The hasty withdrawal of the US and NATO forces from Afghanistan has sparked a debate in the US Congress, with US Secretary of State Anthony Blinken going through a tough session answering some serious questions raised by the Congressmen.
Blinken stated that the US will look into its relationship with Pakistan and re-assess as to how it can be of use to ensure a better future for Afghanistan.
Blinken’s statement came in response to multiple demands and questions over taking a harder and more strict approach towards Pakistan.
“Pakistan has a multiplicity of interests with some that are in conflict with ours,” he said.
“It is one that is involved hedging its bets constantly about the future of Afghanistan, it is one that is involved in harboring members of the Taliban, it is one that’s also involved in different points of cooperation with us on counterterrorism,” Blinken added.
It was in this regard that Blinken confirmed before the House of Representatives’ Foreign Affairs Committee that Washington would be re-assessing its relationship with Pakistan.
“This is one of the things we are going to be looking at in the days and weeks ahead… the role that Pakistan has played over the last 20 years, as also the role we would want to see it play in the coming years and what it will take for it to do that,” he said.
Blinken also highlighted that Washington has called on Pakistan to deny legitimacy to the Taliban-led government in Afghanistan unless it doesn’t meet the international demands and expectations, which include inclusive government and rights to women.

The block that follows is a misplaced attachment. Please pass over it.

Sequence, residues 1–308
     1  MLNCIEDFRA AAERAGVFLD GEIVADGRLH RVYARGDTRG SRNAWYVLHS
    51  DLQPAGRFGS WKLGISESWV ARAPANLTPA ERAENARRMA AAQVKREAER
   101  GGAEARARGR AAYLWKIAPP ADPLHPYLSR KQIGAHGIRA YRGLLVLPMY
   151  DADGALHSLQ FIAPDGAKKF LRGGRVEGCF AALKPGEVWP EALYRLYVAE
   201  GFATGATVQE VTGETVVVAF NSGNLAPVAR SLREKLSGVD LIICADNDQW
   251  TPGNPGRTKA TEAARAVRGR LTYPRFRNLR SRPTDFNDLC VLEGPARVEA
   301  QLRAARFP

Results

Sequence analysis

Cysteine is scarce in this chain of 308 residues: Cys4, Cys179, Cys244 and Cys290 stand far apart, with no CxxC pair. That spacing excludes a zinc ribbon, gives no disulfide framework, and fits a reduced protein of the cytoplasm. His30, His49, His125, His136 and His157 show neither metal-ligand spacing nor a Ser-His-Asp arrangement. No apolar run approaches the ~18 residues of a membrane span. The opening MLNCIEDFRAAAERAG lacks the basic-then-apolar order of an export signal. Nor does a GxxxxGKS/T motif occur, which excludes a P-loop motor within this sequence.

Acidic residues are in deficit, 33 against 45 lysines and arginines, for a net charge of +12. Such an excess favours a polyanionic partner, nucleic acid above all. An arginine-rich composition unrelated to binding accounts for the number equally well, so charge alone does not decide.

“What we have to look at is an instance that every country, to include Pakistan, make good on the expectations that the international community has of what is required of a Taliban-led government if it’s to receive any legitimacy of any kind,” he insisted.
“So Pakistan needs to line up with a broad majority of the international community in working toward those ends and in upholding these expectations,” he added.
Various demands on taking a hardline stand on Pakistan were put forward, which included removal of its status as a major non-NATO ally, which gives it privileged access to the US weaponry.
It is pertinent to mention here that the US and other western countries are in a difficult position to balance out their position in the aftermath of the hasty withdrawal from Afghanistan, as the decision has sparked a debate in global quarters.
What has also now become a major debate is how to engage with the Taliban, especially when aid pledges are being made to prevent Afghanistan from a massive humanitarian crisis.